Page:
generalGeneral Electric makes all kinds of electrical things. General Motors makes all kinds of cars and trucks. General Mills makes all kinds of breakfast cereals. General stores sell, well, everything. General . . .
1. affecting or concerning all or most people, places, or things; widespread.
2. considering or including the main features or elements of something, and disregarding exceptions; overall.
Uh oh, it looks like Doc had a stroke. Why the hell is he talking about light bulbs, Cadillacs, and Cheerios?
You know, as usual I had a point before you interrupted. Now if I might finish, I could perhaps get to that damned point. "General" is a wastebasket term, and just about anything can fall under the umbrella of "general", just as with general surgery.
Ooooh . . . gotcha.
Yeah, maybe next time you won't be so hasty to jump to conclusions about my mental health, which is, as usual, stellar.
Anyway, the best thing about general surgery, the thing that keeps it interesting, the thing that makes me continue despite the 2 AM appendectomies (it's always 2 AM), is the sheer variety of patients for whom I get consulted. On any given day I could get a call for a pancreatic mass, a perianal abscess (though I would prefer not), an enlarged lymph node, appendicitis (it's always appendicitis), and anything in between. And when I'm on trauma call, you can add splenic rupture, compartment syndrome, subarachnoid haemorrhage, and anything in between.
It's that "anything in between" that has the capacity to throw me . . . sometimes. I'm not a cavalier surgeon. I know what my limitations are, and when a patient tests (or surpasses) those limits, I call for help. Arrogant surgeons (the prototypical ones on "Gray's Anatomy" with the god complex) think they can do anything to anyone and get away with it. When they do that, the patients are the ones who suffer, receiving substandard care from doctors who have no business treating them. Sometimes these calls can be one of those zebras we hear about, something I'm not equipped to handle on my own and really tests my limits.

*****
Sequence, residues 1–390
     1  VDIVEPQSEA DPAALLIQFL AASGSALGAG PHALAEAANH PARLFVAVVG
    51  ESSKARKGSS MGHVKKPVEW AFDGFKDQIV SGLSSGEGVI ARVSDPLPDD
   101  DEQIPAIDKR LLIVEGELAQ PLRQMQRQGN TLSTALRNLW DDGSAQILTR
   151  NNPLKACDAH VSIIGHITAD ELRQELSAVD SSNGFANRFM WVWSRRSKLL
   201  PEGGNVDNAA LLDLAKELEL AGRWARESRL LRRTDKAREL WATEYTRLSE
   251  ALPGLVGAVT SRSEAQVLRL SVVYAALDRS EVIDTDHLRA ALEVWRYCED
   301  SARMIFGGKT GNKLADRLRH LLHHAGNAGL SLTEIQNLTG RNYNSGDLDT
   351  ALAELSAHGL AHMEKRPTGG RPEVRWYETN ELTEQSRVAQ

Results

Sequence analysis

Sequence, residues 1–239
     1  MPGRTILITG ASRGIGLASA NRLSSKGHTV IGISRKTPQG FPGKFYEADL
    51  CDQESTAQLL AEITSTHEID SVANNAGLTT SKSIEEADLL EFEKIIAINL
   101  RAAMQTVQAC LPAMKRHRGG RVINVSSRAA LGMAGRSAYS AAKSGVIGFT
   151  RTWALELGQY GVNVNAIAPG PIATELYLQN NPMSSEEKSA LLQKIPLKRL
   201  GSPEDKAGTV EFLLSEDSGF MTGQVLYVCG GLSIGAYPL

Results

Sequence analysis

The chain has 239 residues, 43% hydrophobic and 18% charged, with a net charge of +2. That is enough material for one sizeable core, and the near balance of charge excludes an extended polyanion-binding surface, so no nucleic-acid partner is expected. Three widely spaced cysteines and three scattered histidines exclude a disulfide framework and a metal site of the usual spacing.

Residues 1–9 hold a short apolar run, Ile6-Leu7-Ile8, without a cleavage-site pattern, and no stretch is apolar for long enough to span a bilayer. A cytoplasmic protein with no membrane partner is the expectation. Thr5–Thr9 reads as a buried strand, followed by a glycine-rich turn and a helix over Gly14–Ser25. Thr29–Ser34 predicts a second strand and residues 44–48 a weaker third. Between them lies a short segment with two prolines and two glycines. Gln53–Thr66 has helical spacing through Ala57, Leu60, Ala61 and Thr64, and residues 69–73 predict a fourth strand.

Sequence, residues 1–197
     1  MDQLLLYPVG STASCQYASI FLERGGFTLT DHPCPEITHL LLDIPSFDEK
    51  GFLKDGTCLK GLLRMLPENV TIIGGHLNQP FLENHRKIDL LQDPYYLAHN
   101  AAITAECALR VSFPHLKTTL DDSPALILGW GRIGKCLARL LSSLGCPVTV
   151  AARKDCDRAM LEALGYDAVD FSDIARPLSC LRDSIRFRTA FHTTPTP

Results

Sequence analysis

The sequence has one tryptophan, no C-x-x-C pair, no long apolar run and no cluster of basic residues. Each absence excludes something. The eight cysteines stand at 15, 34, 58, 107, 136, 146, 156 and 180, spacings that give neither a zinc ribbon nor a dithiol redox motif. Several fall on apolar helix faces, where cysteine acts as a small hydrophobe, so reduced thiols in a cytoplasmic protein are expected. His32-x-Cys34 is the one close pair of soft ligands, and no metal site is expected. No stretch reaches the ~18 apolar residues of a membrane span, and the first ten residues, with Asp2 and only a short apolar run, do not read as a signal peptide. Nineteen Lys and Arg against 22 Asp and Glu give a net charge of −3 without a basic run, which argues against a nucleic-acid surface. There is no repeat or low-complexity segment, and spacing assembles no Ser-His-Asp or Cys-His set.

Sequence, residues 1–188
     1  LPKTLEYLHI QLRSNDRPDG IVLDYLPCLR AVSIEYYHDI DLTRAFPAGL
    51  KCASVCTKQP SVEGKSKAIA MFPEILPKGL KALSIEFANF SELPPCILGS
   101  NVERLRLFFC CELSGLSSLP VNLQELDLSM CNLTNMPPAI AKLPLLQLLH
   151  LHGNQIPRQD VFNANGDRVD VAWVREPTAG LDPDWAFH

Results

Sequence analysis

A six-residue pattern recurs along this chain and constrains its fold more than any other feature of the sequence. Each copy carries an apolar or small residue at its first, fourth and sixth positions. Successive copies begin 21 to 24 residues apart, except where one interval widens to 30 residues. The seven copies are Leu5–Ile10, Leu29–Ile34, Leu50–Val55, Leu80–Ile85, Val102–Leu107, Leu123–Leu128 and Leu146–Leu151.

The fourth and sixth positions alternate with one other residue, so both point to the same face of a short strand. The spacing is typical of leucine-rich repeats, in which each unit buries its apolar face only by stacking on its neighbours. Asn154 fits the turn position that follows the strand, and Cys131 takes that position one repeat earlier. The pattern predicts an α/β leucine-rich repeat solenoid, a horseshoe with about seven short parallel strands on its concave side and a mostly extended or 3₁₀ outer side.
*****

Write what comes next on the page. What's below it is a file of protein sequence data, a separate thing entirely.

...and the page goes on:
Recently Dr. Lee (not his real name™) did test my limits, though not in the way I just described. Make sense? No? Don't worry, just like with the Buicks and Count Chocula, it will.
Dr. Lee is an emergency doc that woke me from a deep slumber just after 1 AM, and the call didn't surprise me one bit. My phone had been ringing off the hook all day up until midnight when it finally shut the hell up for all of 60 minutes or so. I figured it would be another appendicitis patient who urgently needed me to save his life but decided to wait until the middle of the night to do so just like all the rest. Grumble grumble fucking grumble.
"So I have this guy here . . ." Dr. Lee started.
Yeah, you always have a guy. It's 1 AM, so just get the hell on with it.
"He was in a car accident and has a laceration on his forehead . . ."
Well isn't that dandy, at least it isn't appendicitis. I can suture a forehead. But wait, so can Dr. Lee. So why the hell is he calling me? What else more serious is going on that I can treat? Is the laceration deep enough to require a multi-layered repair under anaesthesia? Does he also have a fractured skull? A lacerated liver? A haemothorax? Bladder laceration? These are all the thoughts that screamed through my head in approximately 0.192 seconds as I awakened fully and listened intently.